(22) The other decision on which reliance was placed in Ganpatrao Nagoba Gandli v. A.V. Zinzarde, reported in AIR 1948 Nag 392. That was also a case where the provisions of section 60(1)(c) of the Code of Civil Procedure arose for consideration and the Court held that the question whether the house falls within the provisions of S. 60(1)(c) is really one of fact and that the property in question did not fall under it. Having thus found, his Lordship proceeded further to state that even if it fell within the provisions of Section 60(1)(c) C.P.C. the protection conferred by the section was for the benefit of the agriculturist and could be waived by him.
(23) The other decision on which reliance was placed by the learned counsel for the appellant is Sita Ram v. Phusal Singh, reported in AIR 1937 Lah 939. In that case, it was conceded that S. 60 of the Code of Civil Procedure did not prohibit a voluntary transfer of the house for the satisfaction of the decree and, on such a concession, it was held that Section 60 C.P.C. does not prohibit a voluntary transfer by an agriculturist judgment-debtor of his house for satisfaction of the decree.
There is no doubt that the foregoing two decisions support the contention that it is open to an agriculturists to waive the benefit conferred by section 60(1)(c) of the Code of Civil Procedure. But it is to be seen that in none of them the question as to whether the rule of waiver can also apply to cases where the benefit conferred is based on public policy, arose for consideration. It may be stated as a general rule that if the statute is solely of the benefit of a person, he may waive his right or the benefit, if he thinks fit, or give up the rights of a personal or private nature created under an agreement, but he cannot waive a benefit conferred by a statute which has public policy for its object. There is a difference between a statute solely meant for the benefit of an individual, and a statute which has public policy for its benefit, that is, an advantage or benefit intended for an individual and one in which the public have an interest. And therefore an individual who has the benefit given to him by a statute may waive it if he thinks fit, but he cannot waive it where the public have an interest. Therefore the rule of waiver cannot apply to matters based on public policy.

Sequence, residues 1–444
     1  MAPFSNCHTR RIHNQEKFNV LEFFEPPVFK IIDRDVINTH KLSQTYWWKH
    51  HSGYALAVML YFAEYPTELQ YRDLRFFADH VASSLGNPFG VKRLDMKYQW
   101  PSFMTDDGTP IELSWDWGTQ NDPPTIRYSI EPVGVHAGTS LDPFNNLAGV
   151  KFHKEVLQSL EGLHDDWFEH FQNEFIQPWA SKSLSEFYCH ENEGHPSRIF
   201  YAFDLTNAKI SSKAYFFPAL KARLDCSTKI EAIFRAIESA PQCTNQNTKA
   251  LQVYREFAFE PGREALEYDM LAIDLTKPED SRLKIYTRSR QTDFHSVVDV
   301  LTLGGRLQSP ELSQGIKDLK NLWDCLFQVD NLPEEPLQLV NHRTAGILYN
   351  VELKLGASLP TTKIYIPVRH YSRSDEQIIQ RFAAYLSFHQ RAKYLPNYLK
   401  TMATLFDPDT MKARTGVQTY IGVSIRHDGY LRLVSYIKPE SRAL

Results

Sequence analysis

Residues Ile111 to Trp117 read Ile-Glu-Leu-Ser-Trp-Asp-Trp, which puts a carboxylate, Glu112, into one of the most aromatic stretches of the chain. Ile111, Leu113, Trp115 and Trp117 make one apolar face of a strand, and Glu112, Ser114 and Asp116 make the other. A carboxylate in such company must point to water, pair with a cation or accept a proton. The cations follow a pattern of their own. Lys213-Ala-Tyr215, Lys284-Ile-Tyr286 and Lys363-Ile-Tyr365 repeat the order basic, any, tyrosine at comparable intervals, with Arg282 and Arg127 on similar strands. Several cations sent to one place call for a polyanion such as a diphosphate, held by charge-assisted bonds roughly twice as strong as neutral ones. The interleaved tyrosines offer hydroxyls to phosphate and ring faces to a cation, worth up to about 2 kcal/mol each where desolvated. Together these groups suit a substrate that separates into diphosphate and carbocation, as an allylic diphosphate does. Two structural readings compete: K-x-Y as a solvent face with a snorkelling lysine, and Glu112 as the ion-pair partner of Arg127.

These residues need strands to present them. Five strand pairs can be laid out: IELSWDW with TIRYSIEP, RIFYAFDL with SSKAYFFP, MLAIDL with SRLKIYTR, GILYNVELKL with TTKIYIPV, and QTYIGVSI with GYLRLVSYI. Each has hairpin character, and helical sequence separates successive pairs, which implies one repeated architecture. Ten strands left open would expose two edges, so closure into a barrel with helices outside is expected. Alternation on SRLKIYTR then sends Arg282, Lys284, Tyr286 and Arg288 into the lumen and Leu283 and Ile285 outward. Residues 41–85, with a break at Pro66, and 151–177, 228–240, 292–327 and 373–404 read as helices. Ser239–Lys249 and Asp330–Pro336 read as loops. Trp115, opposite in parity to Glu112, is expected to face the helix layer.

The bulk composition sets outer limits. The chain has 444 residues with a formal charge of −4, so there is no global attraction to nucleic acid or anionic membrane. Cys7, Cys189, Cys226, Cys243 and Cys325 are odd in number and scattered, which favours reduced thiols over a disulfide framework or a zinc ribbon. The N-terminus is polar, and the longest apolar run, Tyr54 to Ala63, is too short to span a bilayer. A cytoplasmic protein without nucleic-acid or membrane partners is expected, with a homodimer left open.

(24) In Graham v. Ingleby, (1848) 1-Ex.651, it has been stated :
'..... that an individual cannot waive a matter in which the public have an interest.'
This principle has been subsequently reiterated in Gaekwar Baroda State Ry. v. Hafiz Habib-ul-Haq Jogeshwar Mahta v. Jhapal Santal : AIR1924Cal638 ; Shankarlal Bansilal v. Raghunathdas Anandram, AIR 1935 Bom 433, Postmaster General Bombay v. Chenmal Mayachand, AIR 1941 Bom 389 and AIR 1941 Bom 389 and : AIR1950Mad402 .
That the prohibition against the assignment or attachment of compulsory deposits as provided under sub-section (1) or (2) of section 3 of the Provident Funds Act of 1925, is based on the ground of public policy, is clear from the decision of their Lordships of the Supreme Court in : 1SCR765 . Their Lordships have further stated that where the interdiction is absolute, to allow a judgment-creditor to get at the fund indirectly by means of the appointment of a receiver would be to circumvent the statute and that the frustration of the very object of the legislature should not be permitted. Thus once it is clear that the prohibition against the attachment of the compulsory deposit so long as it stands to the credit of the subscriber is absolute and such a prohibition is based on the public policy, then it is not permissible for any person to contract or agree that such a prohibition shall not operate on the provident fund standing to the credit of the depositor; and if one so agrees, then such an agreement being against the public policy must be held to be void in law.
(25) Therefore the two decisions on which reliance has been placed by the learned counsel for the appellant to contend that it is open for a person to waive a benefit conferred on him by the statute, are decisions in which the Courts were not called upon to consider whether when the benefit is conferred, to waive it. It seems clear that where a prohibition or interdiction is absolute in respect of a provident fund standing to the credit of a subscriber, it is not open for a person to circumvent the provisions of law by entering into an agreement. Therefore the contention of the appellant that it was open for the dependent Mrs. Reny Pevy to waive her right and agree to have the amount brought into the Court for payment to the decree-holder in satisfaction of his decree, cannot be sustained.
(26) Thus, for the reasons stated above the decree is passed by the Court below is confirmed and this appeal is dismissed with costs.
(27) Appeal dismissed.